"Long before it's in the papers"
January 27, 2015


New space map reveals “mystery ribbon”

Oct. 15, 2009
Courtesy NASA
and World Science staff

A NASA space­craft has helped sci­en­tists build the first full map of our so­lar sys­tem show­ing its po­si­tion with re­spect to the gal­ax­y—and has al­so turned up a mys­tery, as­tro­nom­ers say.

What researchers de­scribe as a “rib­bon” of highly en­er­get­ic par­t­i­cles at the bound­a­ry of our so­lar sys­tem is caus­ing the puzzle­ment.

An an­i­ma­tion (click to play) show­ing the strip of en­er­get­ic par­t­i­cles. It por­trays how the sky is "flattened" to cre­ate the IBEX maps. (Cred­it: NA­SA/­God­dard SFC)

The map was pro­duced with da­ta from two de­tec­tors on NASA’s In­ter­stel­lar Bound­a­ry Ex­plor­er, or IBEX, space­craft, launched a year ago.

The in­stru­ments meas­ure and count par­t­i­cles known as en­er­get­ic neu­tral atoms. These arise from an ar­ea called the in­ter­stel­lar bound­a­ry. This zone, un­de­tect­a­ble by nor­mal tele­scopes, is where elec­tric­ally charged par­t­i­cles flow­ing from the sun, called the so­lar wind, pass far be­yond the plan­ets and plow in­to the gas and dust of the larg­er gal­axy.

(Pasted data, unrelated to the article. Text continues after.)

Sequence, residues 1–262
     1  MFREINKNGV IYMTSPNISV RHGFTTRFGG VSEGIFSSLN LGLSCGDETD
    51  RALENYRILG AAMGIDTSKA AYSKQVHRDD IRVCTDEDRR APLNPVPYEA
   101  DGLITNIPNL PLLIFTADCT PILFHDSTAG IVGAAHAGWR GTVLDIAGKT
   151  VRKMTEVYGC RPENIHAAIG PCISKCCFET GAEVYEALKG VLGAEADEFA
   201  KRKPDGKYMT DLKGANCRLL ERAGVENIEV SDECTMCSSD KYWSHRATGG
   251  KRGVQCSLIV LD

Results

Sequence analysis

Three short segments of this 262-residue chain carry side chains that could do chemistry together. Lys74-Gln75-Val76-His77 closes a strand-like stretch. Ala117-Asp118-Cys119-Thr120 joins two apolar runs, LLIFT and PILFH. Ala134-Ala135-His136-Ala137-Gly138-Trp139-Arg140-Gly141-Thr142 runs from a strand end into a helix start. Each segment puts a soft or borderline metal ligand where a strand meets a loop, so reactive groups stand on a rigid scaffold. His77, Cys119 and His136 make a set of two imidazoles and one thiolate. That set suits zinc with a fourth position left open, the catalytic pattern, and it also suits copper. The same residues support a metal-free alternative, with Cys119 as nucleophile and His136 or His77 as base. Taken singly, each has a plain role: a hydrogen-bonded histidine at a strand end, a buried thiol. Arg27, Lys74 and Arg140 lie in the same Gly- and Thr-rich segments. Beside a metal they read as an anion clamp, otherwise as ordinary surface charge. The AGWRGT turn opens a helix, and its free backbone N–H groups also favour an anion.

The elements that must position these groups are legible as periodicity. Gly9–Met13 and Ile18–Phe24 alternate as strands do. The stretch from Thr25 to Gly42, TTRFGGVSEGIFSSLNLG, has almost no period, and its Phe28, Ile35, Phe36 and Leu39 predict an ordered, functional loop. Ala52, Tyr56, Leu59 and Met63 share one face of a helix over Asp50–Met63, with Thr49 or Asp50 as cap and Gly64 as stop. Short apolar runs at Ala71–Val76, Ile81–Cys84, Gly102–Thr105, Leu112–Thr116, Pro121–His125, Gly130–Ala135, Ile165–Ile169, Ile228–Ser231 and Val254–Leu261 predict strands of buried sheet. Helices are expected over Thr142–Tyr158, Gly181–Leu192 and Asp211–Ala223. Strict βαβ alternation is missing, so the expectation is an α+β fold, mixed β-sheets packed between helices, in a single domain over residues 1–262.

Af­ter be­ing formed, the en­er­get­ic neu­tral atoms trav­el to­ward the sun at speeds up to 2.4 mil­lion miles (3.9 mil­lion km) per hour or more. 

The new map re­veals the re­gion that sep­a­rates the near­est reaches of our gal­axy, called the lo­cal in­ter­stel­lar me­di­um, from our he­lio­sphere—a pro­tec­tive bub­ble that shields and pro­tects our so­lar sys­tem from most of the dan­ger­ous cos­mic radia­t­ion trav­eling through space. 

“We’re stick­ing our heads out of the sun’s at­mos­phere and be­gin­ning to really un­der­stand our place in the gal­axy,” said Da­vid J. Mc­Co­mas, IBEX prin­ci­pal in­ves­ti­ga­tor and as­sis­tant vi­ce pres­ident of the Space Sci­ence and En­gi­neer­ing Di­vi­sion at South­west Re­search In­sti­tute in San An­to­nio, Tex­as. 

This an­i­ma­tion (click to play) zooms in from a view of the Milky Way Gal­axy to our he­lio­sphere. It sets the scale for our home in the gal­axy. (Cred­it: NA­SA/­God­dard SFC)

One re­sult in par­tic­u­lar was “truly re­mark­able,” he added: “a nar­row rib­bon of bright de­tails or emis­sions not re­sem­bling any of the cur­rent the­o­ret­i­cal mod­els of this re­gion.” 

“We ex­pected to see small, grad­u­al spa­tial varia­t­ions at the in­ter­stel­lar bound­a­ry,” Mc­Co­mas told physicsworld.­com, a web­site of the London-based In­sti­tute of Phys­ics. Sci­en­tists think the find­ing does­n’t fit with the ac­cept­ed mod­el of the he­lio­sphere, thought to be shaped like a com­et by the col­li­sion of the out­go­ing so­lar wind and a great­er “galac­tic wind.”

NASA re­leased the sky map im­age Oct. 15 in con­junc­tion with pub­lica­t­ion of the find­ings in the re­search jour­nal Sci­ence. The IBEX da­ta were com­ple­ment­ed and ex­tend­ed by in­forma­t­ion col­lect­ed us­ing an im­ag­ing in­stru­ment sen­sor on NASA’s Cas­si­ni space­craft.

The sky maps are al­so meant to put ob­serva­t­ions from NASA’s Voy­ag­er space­craft in­to con­text.